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The Pelvic Floor, Part 2: Urinary Incontinence

There’s Help for Your Sensitive Bladder

By Deborah Quilter

If you watch the evening news, it’s hard to avoid the ads for drugs that treat overactive bladders or constipation. Many people take prescription drugs for these symptoms, but a lot of relief can be afforded by simple exercises and lifestyle changes.

According to Manhattan physical therapist Dustienne Miller, MSPT, who works at Beyond Basics Physical Therapy in New York City, many people assume that bladder woes are a normal part of aging that they have to accept, but in a lot of cases their symptoms can be decreased or even eliminated. Miller, who specializes in helping people who have problems with their pelvic floor, outlined several categories of urinary issues:

Stress incontinence happens when you leak urine while coughing, sneezing, or lifting something.

Urge incontinence happens when you have an urge to urinate and you are unable to make it to the toilet in time.

Urinary frequency means you are voiding your bladder more than 5-7 times a day, depending on your dietary intake.

Urinary urgency is when you experience a sudden, uncomfortable and sometimes painful urge to urinate not accompanied by leaking.

What You Can Do

In order to overcome incontinence, Miller suggests the following guidelines:

Drink water. This sounds counter-intuitive to people who want to make fewer trips to the bathroom, but if you are not drinking enough water, the urine becomes too concentrated and irritates the bladder lining, which leads to more irritation and discomfort.

Keep your bladder on a schedule. Stop drinking a few hours before bedtime to avoid multiple night time awakenings.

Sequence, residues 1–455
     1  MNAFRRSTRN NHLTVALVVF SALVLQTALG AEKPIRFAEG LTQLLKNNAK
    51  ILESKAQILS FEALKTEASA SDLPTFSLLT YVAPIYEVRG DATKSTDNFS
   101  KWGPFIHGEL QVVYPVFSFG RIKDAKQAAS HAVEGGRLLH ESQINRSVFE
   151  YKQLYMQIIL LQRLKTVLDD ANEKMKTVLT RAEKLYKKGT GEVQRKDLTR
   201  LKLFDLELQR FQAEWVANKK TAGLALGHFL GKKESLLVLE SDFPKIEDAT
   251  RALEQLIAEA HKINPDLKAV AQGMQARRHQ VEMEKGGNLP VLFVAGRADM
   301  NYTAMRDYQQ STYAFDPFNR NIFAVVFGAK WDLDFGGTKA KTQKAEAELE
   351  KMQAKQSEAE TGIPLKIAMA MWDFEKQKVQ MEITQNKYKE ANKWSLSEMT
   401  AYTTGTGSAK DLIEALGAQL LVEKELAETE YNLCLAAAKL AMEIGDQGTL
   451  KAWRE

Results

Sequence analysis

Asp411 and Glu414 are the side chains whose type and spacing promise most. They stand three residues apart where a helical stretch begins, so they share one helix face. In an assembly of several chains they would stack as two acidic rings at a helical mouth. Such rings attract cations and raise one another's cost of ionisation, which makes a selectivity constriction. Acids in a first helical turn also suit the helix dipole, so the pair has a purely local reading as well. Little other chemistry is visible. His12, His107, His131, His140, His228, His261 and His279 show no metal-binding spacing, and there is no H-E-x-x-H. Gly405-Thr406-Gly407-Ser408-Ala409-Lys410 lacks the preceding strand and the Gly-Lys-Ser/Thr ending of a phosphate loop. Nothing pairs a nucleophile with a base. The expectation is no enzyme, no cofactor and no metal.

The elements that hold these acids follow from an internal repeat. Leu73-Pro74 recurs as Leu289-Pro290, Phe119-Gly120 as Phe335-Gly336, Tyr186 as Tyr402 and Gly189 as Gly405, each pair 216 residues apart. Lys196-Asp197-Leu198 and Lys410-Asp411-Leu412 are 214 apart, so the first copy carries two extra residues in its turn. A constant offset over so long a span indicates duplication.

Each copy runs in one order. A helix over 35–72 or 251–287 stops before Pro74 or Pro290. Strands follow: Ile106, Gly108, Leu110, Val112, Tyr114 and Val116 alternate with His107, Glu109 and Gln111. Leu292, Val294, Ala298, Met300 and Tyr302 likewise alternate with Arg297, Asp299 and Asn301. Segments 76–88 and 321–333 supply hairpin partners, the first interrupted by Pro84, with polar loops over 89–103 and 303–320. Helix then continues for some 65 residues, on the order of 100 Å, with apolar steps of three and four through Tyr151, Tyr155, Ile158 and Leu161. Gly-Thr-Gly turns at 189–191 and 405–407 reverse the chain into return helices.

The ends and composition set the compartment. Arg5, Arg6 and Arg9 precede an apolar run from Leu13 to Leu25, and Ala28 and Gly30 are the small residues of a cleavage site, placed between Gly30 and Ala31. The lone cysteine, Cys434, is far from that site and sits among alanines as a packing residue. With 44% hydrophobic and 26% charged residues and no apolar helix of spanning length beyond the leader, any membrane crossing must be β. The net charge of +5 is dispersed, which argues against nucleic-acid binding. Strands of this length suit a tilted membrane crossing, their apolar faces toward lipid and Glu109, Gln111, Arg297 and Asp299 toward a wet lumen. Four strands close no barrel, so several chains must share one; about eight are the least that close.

Eat soluble and insoluble fiber. Constipation plays a big role in urinary incontinence because the heavy stools press on the bladder, creating the sense that you need to go.

Train your bladder. When you feel the need to go, do a few pelvic floor muscle contractions to defer the urge.

Maintain a strong core and cardiovascular system. Abdominal, hip and back strength are closely linked to continence. It is not uncommon for a patient to develop urinary incontinence after a hip surgery if there is a strength deficit, according to Miller.

Avoid bladder irritants. These include coffee, black tea, green tea, soda, seltzer and citrus beverages.

Do Your Kegels. Kegel exercises involve lifting the muscles between the pubic bone and tailbone up and in and very important, relaxing down. If your muscles are too tight, it can lead to incontinence.

Miller notes that sometimes people are taught to locate the muscles involved with the Kegel by stopping the urine mid-stream. She says not to overdo this, because with urge incontinence, this muscle (the detrusor) gets confused. “Then it feels like the person always has to urinate.” This is known as Detrusor instability.

When To See A Physical Therapist

If any of these symptoms sounds like you, first see a urologist or uro-gynecologist to screen for urinary tract disease or other issues.

Physical therapists have many tools to help you, among them: biofeedback, manual techniques, bladder retraining and therapeutic exercise. “These modalities will help clients regain not only continence but also confidence,” Miller says.

To learn more: Dustienne Miller recommends that you check out this 65-page book on incontinence at http://www.womenswaterworks.com.au/

Next up: In Part 3 (coming soon), we will look at reasons for pelvic pain in men and women.